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Home :: Archive :: 1995 :: September ::
Re: Bloom
Shakespeare Electronic Conference, Vol. 6, No. 0673. Thursday, 7 September 1995.
 
(1)     From:   Joseph M Green <
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        Date:   Wednesday, 6 Sep 1995 14:05:30 -0500 (CDT)
        Subj:   Re: SHK 6.0671  Re: Bloom;
 
(2)     From:   Chris Ivic <
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        Date:   Wednesday, 6 Sep 1995 22:17:01 -0400 (EDT)
        Subj:   Re: SHK 6.0671 Re: Bloom
 
(3)     From:   W. L. Godshalk <
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        Date:   Wednesday, 06 Sep 1995 22:28:38 -0500 (EST)
        Subj: Re:       SHK 6.0671  Re: Bloom
 
(4)     From:   Michael Yogev <
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        Date:   Thursday, 07 Sep 95 16:12:53 IST
        Subj:   Re: SHK 6.0671  Re: Bloom
 
 
(1)----------------------------------------------------------------------------
From:           Joseph M Green <
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Date:           Wednesday, 6 Sep 1995 14:05:30 -0500 (CDT)
Subject: 6.0671  Re: Bloom;
Comment:        Re: SHK 6.0671  Re: Bloom;
 
I suppose that T. Hawkes means to indicate *The Western Canon* when he writes
of Harold Bloom's "latest effusion."  I can only report that I didn't think of
Leavis once as I read it.  The obsessions with death, the agon, reading as a
solitary act could only be Bloom's and I can't tell what is meant by "Leavis
with water" unless, once again, Leavis is fulfilling his usual role as great
Caesar's ghost and Bloom is right about, at least, one variety of agon.  I can
only guess at what Mr. Hawkes finds "unscholarly" (in Bloom's discussion of
Shakespeare, I guess), but would like to know.
 
(2)----------------------------------------------------------------------------
From:           Chris Ivic <
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Date:           Wednesday, 6 Sep 1995 22:17:01 -0400 (EDT)
Subject: 6.0671 Re: Bloom
Comment:        Re: SHK 6.0671 Re: Bloom
 
Although I haven't read Bloom's book, I'm sure Terence Hawkes's comments aren't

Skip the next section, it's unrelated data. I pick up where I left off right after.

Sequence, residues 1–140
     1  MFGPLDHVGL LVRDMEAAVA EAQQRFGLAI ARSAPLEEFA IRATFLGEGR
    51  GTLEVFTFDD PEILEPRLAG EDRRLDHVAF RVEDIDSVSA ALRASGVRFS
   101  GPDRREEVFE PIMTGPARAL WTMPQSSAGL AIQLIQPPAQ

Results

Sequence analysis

off the mark.  Judging from what Bloom said on CBC radio last week, his book
seems to be designed for the bestseller list (a la Paglia). For Bloom,
Shakespeare, along with Dante, Cervantes, etc. was a genius; moreover, his
works provide the reader with exemplary figures.  Does this need to be
reiterated?  Obviously Bloom thinks so--and judging from my campus bookstore,
so too do numerous shoppers.  Rather than offering anything enlightening, his
book--based on what he had to say about it on CBC--merely reinscribes a
conventional, totally ahistorical, and no doubt marketable argument, one I
first heard in secondary school.
 
Chris Ivic
 
(3)----------------------------------------------------------------------------
From:           W. L. Godshalk <
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Date:           Wednesday, 06 Sep 1995 22:28:38 -0500 (EST)
Subject: 6.0671  Re: Bloom
Comment: Re:    SHK 6.0671  Re: Bloom
 
In agreement with Terence Hawkes, I say that the praise of Bloom is over-blown.
Rather than a bloom, he is vegetation out of control. We will be overgrown with
Bloom.
 
Yours, William the Weed Killer
 
(4)----------------------------------------------------------------------------
From:           Michael Yogev <
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Date:           Thursday, 07 Sep 95 16:12:53 IST
Subject: 6.0671  Re: Bloom
Comment:        Re: SHK 6.0671  Re: Bloom
 
Being in Israel, on a longer than average break and avoiding the environs of a
campus in order to be sequestered at home, I have evidently (again) missed a
landmark Bloomian statement to which (I suspect) I will also reply with Terence
Hawkes "Fie!" (I began saying this with Bloom's recantation of all the valuable
insights into Blake's works in his terrible book, _Ruin the Sacred Truths_).
Can someone fill me in on what "effusion" by Bloom I will be saying "Fie!" to?
 

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